Bike riding is a great way to get exercise and fresh air and share time as a family. But before you and the kids rush out and start pedaling, there's an important factor that you need to consider — safety.
Bicycle helmet use should not be optional for anyone in your family, no matter where you are or how short the ride. In many states it's the law.
Here's why: Many bike accidents involve a head injury, so a crash could mean permanent brain damage or death for someone who doesn't wear one while riding. In fact, each year in the United States, about half a million kids are seriously injured in bicycle-related accidents, and most of those injuries could have been avoided if a helmet was worn. To protect against brain injury, make sure your kids wear a correctly fitting helmet on every ride.
Here are some things to keep in mind when buying a helmet:
You should be able to get help finding a well-fitting helmet and adjusting it properly at any bicycle store.
When kids wear a helmet, make sure that the straps are fastened. Also make sure they don't wear any other hat underneath it.
Be sure to replace any helmet made before 1999. If your child hits any surface hard while wearing a helmet, replace it — helmets lose their capacity to absorb shock after taking serious hits.
A few bike helmets can be used as protection for other activities, but in general, they're best suited to biking. Most helmets are made for one specific type of activity — for example, special helmets also are made for inline skating, baseball, and snowmobiling.
Kids should not wear any helmet when they're on a playground or climbing a tree — there is a risk of strangulation from the chin strap during these types of activities.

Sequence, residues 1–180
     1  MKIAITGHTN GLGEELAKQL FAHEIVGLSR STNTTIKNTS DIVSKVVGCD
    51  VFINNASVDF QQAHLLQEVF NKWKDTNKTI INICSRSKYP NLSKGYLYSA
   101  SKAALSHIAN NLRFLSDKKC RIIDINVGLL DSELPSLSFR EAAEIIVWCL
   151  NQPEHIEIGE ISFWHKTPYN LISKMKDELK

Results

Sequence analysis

What kids wear when riding a bike is also very important for safety:
Here are some must-know safety tips to teach kids:
Right turn alternative
Check your child's bike at least once each season to keep it safe and well-maintained.
Be sure to check:
One of the best ways to help kids learn safe bike riding is to set a good example by following the rules of the road yourself. Most important, always wear your helmet.
Go for bike rides with your kids so you can show them what safe riding looks like. It's also a great way to stay active as a family and get valuable together time that you'll all enjoy!
Reviewed by: Steven Dowshen, MD
Date reviewed: February 2014
|National Safety Council The National Safety Council offers information on first aid, CPR, environmental health, and safety.|
|U.S. Consumer Product Safety Commission (CPSC) This federal agency collects information about consumer goods and issues recalls on unsafe or dangerous products.|
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